A District of Columbia Superior Court judge found Marion Barry not guilty June 13 of DUI and three other charges.
"I am not convinced beyond a reasonable doubt for a guilty verdict,” said Judge Richard Ringell regarding the charges against the D.C. Council member after he was stopped and arrested by U.S. Secret Service officers early on the morning of Sept. 10, 2006.
Barry Faced DUI, Three Other Charges
Barry was charged with DUI, operating a motor vehicle while impaired, driving an unregistered vehicle and misuse of temporary tags. Arresting officers said Barry stopped at a green light and later drove through a red light. The officers testified Barry smelled of alcohol, was stumbling, had red eyes and slurred speech. Their testimony that Barry was intoxicated was based on opinion, not the Breathalyzer test that showed only a .02 alcohol level. The legal intoxication level in DC is .08. That test result was a key point in the closing argument of Frederick Cooke, Jr., Barry's attorney.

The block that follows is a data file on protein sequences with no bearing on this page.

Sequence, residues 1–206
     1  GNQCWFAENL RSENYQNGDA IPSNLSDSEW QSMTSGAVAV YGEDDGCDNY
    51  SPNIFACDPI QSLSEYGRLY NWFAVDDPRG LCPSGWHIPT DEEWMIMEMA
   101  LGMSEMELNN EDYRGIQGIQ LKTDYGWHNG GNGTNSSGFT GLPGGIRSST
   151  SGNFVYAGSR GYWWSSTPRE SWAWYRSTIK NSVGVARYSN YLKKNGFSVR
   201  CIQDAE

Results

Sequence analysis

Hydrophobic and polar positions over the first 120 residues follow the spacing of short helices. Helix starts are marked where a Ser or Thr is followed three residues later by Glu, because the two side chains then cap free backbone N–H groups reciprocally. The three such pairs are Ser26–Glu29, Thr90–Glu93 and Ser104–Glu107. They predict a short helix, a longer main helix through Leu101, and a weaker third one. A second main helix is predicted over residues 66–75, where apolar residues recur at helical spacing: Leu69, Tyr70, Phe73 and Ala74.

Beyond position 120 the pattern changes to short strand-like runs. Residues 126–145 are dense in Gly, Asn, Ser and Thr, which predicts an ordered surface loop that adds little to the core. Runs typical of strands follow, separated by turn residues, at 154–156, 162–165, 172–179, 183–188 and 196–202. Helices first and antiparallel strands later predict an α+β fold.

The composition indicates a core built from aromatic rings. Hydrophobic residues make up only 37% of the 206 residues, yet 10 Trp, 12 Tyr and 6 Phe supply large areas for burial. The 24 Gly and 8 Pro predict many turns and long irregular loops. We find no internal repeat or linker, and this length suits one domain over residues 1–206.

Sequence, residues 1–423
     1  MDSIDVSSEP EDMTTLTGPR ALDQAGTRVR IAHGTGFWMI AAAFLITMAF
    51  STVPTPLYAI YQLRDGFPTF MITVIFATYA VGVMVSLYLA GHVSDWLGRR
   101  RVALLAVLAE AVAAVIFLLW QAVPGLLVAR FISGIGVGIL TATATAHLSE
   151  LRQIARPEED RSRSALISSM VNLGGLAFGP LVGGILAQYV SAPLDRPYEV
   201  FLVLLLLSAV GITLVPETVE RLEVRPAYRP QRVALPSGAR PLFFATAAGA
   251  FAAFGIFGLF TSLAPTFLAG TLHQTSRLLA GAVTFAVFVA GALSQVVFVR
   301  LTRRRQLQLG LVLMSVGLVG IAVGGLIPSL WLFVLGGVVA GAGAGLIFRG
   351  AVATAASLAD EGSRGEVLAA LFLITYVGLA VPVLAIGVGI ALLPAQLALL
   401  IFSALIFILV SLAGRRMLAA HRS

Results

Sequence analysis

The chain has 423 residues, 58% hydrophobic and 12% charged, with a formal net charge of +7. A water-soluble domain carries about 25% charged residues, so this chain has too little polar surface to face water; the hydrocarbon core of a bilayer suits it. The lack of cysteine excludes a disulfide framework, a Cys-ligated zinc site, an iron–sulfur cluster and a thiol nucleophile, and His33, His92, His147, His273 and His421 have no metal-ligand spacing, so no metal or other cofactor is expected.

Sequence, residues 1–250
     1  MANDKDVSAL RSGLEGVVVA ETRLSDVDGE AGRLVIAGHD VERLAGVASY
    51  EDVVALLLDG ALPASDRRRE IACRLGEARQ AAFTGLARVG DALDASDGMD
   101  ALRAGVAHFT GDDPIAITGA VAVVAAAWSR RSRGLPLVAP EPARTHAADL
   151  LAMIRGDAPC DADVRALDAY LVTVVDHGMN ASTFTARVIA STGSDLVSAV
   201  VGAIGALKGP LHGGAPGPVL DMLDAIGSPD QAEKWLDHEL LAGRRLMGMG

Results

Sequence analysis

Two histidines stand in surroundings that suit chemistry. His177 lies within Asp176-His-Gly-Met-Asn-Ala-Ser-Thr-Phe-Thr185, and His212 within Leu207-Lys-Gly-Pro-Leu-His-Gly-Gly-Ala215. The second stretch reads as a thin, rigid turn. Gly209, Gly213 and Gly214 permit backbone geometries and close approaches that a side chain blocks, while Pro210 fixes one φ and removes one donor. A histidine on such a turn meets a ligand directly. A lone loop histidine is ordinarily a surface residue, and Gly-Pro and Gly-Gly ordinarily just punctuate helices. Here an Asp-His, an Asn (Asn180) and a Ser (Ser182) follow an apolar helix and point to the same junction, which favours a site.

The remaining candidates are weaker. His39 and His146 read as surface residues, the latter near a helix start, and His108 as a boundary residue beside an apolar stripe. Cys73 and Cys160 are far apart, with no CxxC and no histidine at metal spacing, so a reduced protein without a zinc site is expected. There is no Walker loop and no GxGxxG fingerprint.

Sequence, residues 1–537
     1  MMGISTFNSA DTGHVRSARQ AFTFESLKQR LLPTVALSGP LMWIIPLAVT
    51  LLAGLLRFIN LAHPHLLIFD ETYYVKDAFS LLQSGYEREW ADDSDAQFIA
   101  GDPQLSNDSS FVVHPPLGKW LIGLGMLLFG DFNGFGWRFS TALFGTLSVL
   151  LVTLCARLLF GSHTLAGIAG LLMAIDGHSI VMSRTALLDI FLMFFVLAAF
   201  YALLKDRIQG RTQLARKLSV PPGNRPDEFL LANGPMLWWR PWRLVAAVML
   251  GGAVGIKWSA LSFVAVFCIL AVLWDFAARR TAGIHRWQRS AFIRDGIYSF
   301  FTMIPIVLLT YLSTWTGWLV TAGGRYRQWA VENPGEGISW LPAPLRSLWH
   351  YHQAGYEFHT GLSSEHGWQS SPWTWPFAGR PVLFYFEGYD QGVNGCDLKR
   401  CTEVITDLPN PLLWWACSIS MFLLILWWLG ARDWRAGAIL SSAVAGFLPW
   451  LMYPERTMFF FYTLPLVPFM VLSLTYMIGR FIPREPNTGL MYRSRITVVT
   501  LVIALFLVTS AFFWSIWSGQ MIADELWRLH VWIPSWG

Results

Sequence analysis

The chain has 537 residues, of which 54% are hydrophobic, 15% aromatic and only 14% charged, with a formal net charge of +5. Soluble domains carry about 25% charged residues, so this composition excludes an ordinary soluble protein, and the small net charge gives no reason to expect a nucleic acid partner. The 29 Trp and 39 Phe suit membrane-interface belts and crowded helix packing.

"I know my balance is off," Barry testified. "Age is one of the things ... to your eyes and balance." He is 71. Barry once served six months in prison after being videotaped smoking crack cocaine in a D.C. hotel during a 1990 Federal Bureau of Investigation sting. At the time, Barry was serving his third term as D.C. mayor.
Former Mayor Was On Five Medications When Arrested
"I had only one glass of wine, and there weren't chemicals in my body," Barry told the court last week. He said he was taking at least five medications for his diabetes, high blood pressure and knee pain. "I don't think I was impaired or under the influence," Barry testified.
Barry said he tries not to drink during his recovery from substance abuse. But on Sept. 10, Barry was having a celebratory drink after learning he won an award from the Congressional Black Caucus. Barry would not name the lawmaker, a woman, who was with him in the car when he was arrested.